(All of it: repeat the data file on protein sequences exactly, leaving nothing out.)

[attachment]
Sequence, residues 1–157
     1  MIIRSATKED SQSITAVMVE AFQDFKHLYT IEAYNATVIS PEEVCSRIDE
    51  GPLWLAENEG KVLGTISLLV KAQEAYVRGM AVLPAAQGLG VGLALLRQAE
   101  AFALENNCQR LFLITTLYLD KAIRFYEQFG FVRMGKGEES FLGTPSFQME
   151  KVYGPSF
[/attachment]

Sequence, residues 1–157
     1  MIIRSATKED SQSITAVMVE AFQDFKHLYT IEAYNATVIS PEEVCSRIDE
    51  GPLWLAENEG KVLGTISLLV KAQEAYVRGM AVLPAAQGLG VGLALLRQAE
   101  AFALENNCQR LFLITTLYLD KAIRFYEQFG FVRMGKGEES FLGTPSFQME
   151  KVYGPSF